Note that the reference frame isn’t always the previously displayed frame in the sequence of video frames. Video compression algorithms commonly encode frames in a different order from the order in which they are displayed. The encoder may skip several frames ahead and encode a future video frame, then skip backward and encode the next frame in the display sequence. This is done so that motion estimation can be performed backward in time, using the encoded future frame as a reference frame. Video compression algorithms also commonly allow the use of two reference frames—one previously displayed frame and one previously encoded future frame. This allows the encoder to select a 16-pixel by 16-pixel region from either reference frame, or to predict a macro block by interpolating between a 16-pixel by 16-pixel region in the previously displayed frame and a 16-pixel by 16-pixel region in the future frame.

One drawback of relying on previously encoded frames for correct decoding of each new frame is that errors in the transmission of a frame make every subsequent frame impossible to reconstruct. To alleviate this problem, video compression standards occasionally encode one video frame using still-image coding techniques only, without relying on previously encoded frames. These frames are called "intra frames" or "Iframes." If a frame in the compressed bit stream is corrupted by errors the video decoder must wait until the next I-frame, which doesn’t require a reference frame for reconstruction.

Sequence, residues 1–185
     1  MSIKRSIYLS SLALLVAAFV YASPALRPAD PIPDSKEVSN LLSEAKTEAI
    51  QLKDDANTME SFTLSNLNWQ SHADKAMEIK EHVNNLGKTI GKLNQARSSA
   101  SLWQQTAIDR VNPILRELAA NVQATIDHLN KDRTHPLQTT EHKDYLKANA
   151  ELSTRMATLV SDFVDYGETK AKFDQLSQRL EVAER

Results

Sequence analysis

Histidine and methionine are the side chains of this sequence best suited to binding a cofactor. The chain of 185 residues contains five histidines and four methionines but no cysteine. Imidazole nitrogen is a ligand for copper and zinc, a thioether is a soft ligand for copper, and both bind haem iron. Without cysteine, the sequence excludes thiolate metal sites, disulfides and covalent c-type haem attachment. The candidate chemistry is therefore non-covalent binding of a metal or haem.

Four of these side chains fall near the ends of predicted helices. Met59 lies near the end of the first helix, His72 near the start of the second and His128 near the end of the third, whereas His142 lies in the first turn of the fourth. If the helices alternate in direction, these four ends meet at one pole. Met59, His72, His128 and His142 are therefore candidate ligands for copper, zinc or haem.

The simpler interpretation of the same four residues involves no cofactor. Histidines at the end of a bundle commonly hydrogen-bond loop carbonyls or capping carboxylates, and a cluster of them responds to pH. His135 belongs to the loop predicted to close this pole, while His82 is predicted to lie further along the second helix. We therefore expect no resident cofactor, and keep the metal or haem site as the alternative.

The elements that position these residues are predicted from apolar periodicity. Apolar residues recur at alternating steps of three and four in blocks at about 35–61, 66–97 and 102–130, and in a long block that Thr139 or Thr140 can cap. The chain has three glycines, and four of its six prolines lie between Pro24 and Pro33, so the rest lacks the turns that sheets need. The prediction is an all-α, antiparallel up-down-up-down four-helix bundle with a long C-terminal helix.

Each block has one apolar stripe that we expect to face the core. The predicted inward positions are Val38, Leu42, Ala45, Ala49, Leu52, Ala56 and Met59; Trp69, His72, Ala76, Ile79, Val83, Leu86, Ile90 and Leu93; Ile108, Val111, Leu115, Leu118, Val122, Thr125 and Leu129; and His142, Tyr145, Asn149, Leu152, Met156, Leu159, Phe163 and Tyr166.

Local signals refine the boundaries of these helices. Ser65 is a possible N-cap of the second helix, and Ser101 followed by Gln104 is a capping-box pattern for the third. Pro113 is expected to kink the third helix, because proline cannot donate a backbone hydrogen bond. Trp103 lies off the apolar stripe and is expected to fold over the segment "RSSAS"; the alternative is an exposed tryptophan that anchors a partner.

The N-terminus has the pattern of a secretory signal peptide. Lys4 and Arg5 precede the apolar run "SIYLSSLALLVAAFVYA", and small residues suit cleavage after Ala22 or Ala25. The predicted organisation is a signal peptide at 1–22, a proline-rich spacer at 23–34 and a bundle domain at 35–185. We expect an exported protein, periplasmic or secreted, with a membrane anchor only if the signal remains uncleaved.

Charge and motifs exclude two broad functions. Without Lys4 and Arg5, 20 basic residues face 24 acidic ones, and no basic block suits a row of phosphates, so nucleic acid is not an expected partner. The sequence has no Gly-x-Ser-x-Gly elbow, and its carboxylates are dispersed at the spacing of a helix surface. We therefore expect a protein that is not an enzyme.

Frames that are encoded using only a previously displayed reference frame are called "P-frames," and frames that are encoded using both future and previously displayed reference frames are called "B-frames." In a typical scenario, the codec encodes an I-frame, skips several frames ahead and encodes a future P-frame using the encoded I-frame as a reference frame, then skips back to the next frame following the Iframe. The frames between the encoded I- and P-frames are encoded as B-frames. Next, the encoder skips several frames again, encoding another P-frame using the first P-frame as a reference frame, then once again skips back to fill in the gap in the display sequence with B-frames. This process continues, with a new I-frame inserted for every 12 to 15 Pand B-frames.